I’m sure people must think of me as aloof, rude, or even unfriendly. Truthfully, it’s exhausting to try to carry on a conversation when you know that you are not hearing the majority of what is being said. It’s demoralizing and embarrassing to ask over and over for things to be repeated. People get frustrated having to repeat themselves and the compromised listener feel like she must apologize for her hearing loss…in fact, it’s pre-conditioned (“I’m sorry, I missed what you said”).  You find yourself trying to participate, smiling politely and watching others to gauge their responses. Then you simply excuse yourself from the conversation, because it is easier to walk away then not be able to be included. In the end, it is easier to simply not engage in the first place, avoiding conversations before they even begin. It is exceptionally isolating, and I can readily see how those who do not have strong social connections can find themselves withdrawing from social interactions and succumbing to depression.

In February, right around my 44th birthday, I was fitted with hearing aids (HAs). That has been its own learning curve, but ultimately the HAs have profoundly improved my life. I can interact with my students during lectures, I can better hear my patients’ owners in the exam room, I can better interact with my co-workers, I can engage in conversation in social settings, and I can hear my children at the dinner table. And I can hear birds. Birds…and so many other sounds I hadn’t realized I was missing.

But hearing aids have their limitations as well. The ranges of sound I have lost to otosclerosis cannot be recovered. Categorically, I have lost the ability to perceive bass tones, and as a musician and one who loves music, being unable to hear the full range of frequencies leaves music sounding hollow, incomplete and ungrounded. I miss the fullness and richness of the musical experience; that loss has been particularly emotional. Likewise, HAs are simply amplifiers. While they do a great job of amplifying the sounds you want to hear, like voices, they also magnify all the ambient sounds: the clinking of silverware, the tapping of dog nails, the jet engine roar of the microwave, other people’s conversations. Trying to actively filter out the information that you need from the overwhelming amount of incoming auditory stimulus can be mentally straining and exhausting. I just want to retreat, to pull away, to escape.

And this is where triathlon comes back into the picture. Hearing aids and exercise do not mix. They cannot get wet or be exposed to sweat. Plus, even if you weren’t planning on sweating (which is never the case for me), the prospect of a $4000 piece of technology, not covered by insurance (fodder for another essay), flying out of your ear on a ride or a run is not a gamble worth taking. So, those large swaths of time when I am training and not wearing my HAs have become a welcome reprieve. During my day to day, it is rare that I forget that I have hearing loss. But when I am exercising, that all slips away. Plus, my tinnitus is masked by the sound of my breathing when I am swimming, biking, and running. So, in many ways, my sport is very much my escape from something I cannot control.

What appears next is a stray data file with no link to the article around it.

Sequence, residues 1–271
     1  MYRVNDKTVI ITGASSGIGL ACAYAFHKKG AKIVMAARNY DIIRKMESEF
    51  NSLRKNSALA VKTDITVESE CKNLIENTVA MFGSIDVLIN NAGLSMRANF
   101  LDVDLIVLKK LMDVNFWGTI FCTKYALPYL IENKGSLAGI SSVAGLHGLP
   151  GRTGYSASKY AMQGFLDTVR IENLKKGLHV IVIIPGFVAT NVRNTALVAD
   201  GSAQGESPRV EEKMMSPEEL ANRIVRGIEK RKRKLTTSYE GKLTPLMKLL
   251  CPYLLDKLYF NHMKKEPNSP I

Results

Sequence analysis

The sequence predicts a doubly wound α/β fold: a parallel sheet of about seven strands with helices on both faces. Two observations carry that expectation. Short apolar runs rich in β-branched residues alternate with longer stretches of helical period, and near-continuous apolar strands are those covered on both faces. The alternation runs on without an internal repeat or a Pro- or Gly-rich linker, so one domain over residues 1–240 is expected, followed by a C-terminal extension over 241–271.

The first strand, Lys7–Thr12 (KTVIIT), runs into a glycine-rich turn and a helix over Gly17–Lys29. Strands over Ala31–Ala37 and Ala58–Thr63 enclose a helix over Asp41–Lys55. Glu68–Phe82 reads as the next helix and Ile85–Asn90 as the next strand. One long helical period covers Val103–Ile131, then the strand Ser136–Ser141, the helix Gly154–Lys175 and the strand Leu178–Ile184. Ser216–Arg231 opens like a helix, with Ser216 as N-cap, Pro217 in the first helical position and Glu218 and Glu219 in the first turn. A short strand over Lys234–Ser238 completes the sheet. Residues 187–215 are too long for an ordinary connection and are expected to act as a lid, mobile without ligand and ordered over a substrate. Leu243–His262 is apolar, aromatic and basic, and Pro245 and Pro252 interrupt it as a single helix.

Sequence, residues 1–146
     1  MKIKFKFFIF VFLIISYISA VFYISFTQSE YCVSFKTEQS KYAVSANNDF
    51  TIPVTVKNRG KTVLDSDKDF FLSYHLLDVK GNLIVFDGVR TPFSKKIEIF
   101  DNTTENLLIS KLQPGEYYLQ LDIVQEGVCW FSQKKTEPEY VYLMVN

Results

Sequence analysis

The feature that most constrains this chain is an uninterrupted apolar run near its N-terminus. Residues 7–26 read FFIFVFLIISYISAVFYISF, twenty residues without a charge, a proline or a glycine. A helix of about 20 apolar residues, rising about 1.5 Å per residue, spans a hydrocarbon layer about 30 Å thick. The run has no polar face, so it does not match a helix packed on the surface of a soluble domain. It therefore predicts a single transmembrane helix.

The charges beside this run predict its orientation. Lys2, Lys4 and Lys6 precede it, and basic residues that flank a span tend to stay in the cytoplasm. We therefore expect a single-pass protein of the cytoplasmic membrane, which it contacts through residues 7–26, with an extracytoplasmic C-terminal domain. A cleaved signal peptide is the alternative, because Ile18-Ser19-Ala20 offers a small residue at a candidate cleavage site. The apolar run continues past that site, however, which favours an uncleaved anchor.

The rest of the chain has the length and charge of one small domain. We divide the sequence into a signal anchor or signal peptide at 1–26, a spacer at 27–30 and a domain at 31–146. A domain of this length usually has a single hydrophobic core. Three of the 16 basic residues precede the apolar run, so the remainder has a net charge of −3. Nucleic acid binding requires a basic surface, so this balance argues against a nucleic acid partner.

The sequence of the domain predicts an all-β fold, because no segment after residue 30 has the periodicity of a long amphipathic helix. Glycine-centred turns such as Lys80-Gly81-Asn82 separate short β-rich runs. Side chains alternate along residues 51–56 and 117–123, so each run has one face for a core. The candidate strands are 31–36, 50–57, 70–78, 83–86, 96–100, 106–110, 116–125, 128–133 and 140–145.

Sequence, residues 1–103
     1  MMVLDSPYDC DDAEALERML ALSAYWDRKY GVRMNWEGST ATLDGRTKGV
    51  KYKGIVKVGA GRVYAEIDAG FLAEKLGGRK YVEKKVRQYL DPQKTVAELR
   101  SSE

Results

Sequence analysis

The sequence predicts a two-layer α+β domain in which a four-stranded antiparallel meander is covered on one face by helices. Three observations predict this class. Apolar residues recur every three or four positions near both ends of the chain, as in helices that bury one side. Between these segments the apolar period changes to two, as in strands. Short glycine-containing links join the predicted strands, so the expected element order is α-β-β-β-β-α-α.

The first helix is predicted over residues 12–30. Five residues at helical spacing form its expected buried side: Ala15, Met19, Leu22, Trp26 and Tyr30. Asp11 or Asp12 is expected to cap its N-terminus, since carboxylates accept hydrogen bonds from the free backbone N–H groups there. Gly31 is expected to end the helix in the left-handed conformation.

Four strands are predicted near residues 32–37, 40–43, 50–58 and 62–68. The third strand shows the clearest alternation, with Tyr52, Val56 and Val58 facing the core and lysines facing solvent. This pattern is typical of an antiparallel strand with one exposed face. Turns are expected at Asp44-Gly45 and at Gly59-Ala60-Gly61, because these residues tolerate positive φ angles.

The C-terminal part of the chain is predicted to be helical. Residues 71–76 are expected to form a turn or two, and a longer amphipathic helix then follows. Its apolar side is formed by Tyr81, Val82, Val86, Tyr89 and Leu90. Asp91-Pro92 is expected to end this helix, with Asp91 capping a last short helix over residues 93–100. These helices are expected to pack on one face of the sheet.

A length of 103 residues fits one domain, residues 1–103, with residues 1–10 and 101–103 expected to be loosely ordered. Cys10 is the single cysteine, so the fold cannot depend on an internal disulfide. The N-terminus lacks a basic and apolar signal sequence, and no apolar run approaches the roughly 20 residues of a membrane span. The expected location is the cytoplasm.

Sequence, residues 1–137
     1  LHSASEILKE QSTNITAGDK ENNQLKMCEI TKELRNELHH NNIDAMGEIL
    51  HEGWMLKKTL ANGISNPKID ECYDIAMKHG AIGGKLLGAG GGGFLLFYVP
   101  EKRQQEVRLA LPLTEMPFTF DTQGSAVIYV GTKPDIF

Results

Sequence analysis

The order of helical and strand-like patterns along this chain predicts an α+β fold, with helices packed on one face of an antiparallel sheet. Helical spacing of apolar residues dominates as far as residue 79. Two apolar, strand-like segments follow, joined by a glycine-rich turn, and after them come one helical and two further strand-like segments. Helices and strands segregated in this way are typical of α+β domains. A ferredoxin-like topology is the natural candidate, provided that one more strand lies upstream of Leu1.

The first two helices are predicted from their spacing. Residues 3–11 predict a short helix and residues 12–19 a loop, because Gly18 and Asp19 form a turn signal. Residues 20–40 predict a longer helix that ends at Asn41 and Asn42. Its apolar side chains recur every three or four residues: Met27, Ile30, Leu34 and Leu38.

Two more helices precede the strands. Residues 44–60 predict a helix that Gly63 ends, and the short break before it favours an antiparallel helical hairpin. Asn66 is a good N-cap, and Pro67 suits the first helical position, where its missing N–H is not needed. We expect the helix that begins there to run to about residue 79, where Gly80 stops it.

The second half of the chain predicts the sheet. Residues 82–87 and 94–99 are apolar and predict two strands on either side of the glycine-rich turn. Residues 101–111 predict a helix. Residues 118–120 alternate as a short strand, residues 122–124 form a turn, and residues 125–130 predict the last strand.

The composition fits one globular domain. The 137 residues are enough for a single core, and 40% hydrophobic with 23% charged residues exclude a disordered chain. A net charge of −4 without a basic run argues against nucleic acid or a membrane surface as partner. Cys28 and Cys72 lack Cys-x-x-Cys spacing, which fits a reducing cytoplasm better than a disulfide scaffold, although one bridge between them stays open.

But nothing happens in a vacuum – hearing loss does affect my training and racing, especially in cycling. I have now come to understand why I have such a generalized fear of road cycling and an aversion to group rides. I cannot hear cars approaching until they are right on top of me. To be unaware there is a truck barreling past you until you feel its pull and sense the wind it generates is jarring and terrifying and startling. You cannot help but to react by tightening up. It is immensely frightening, and my car-induced crash last year has made me even more reactive. I rely on all visual cues, so I am always moving my head around, scanning my surroundings. Trying to relax into my aerobars and maintain excellent aero position is a challenge.

Group rides also put me in an uncomfortable position. I cannot hear people coming up beside me nor can I carry on casual conversation. If I try to, it takes so much concentration that I am unable to ride safely.  This also applies to running and training with others; I’m not great company and I worry that others think I am rude. So, I would rather go solo on all my training adventures. Exercising alone in the vast silence that is hearing loss is the only time that silence is truly peaceful.

Racing is also unique for the hearing impaired. Many of my friends and fellow competitors comment on my focus before races. Perhaps this is one superpower that hearing loss has given me: the ability to cancel out everyone else’s nervous chatter and focus solely on my own race. During the swim start, I watch the other competitors for cues to see when to start, since I cannot hear the countdown. Fortunately, I am quick out of the water, so the number of “on your lefts” I don’t hear on the bike are few. And I now feel justified for all the teasing I endure for rarely smiling or interacting when racing is likely because I don’t hear anyone cheering.

Has losing my hearing affected my life? Absolutely. And profoundly. Can I say that I have triumphed over hearing loss? Not at all. Will I allow it to defeat me? No, but it will require sustained effort, and I am not too proud to acknowledge that there will be days when it gets the better of me. But I will always maintain a constant lean toward the finish line. Because life is an endurance event. And even if my steps may falter or my pace may slow, I will always keep moving forward.

Hearless triathlete. Working on Fearless.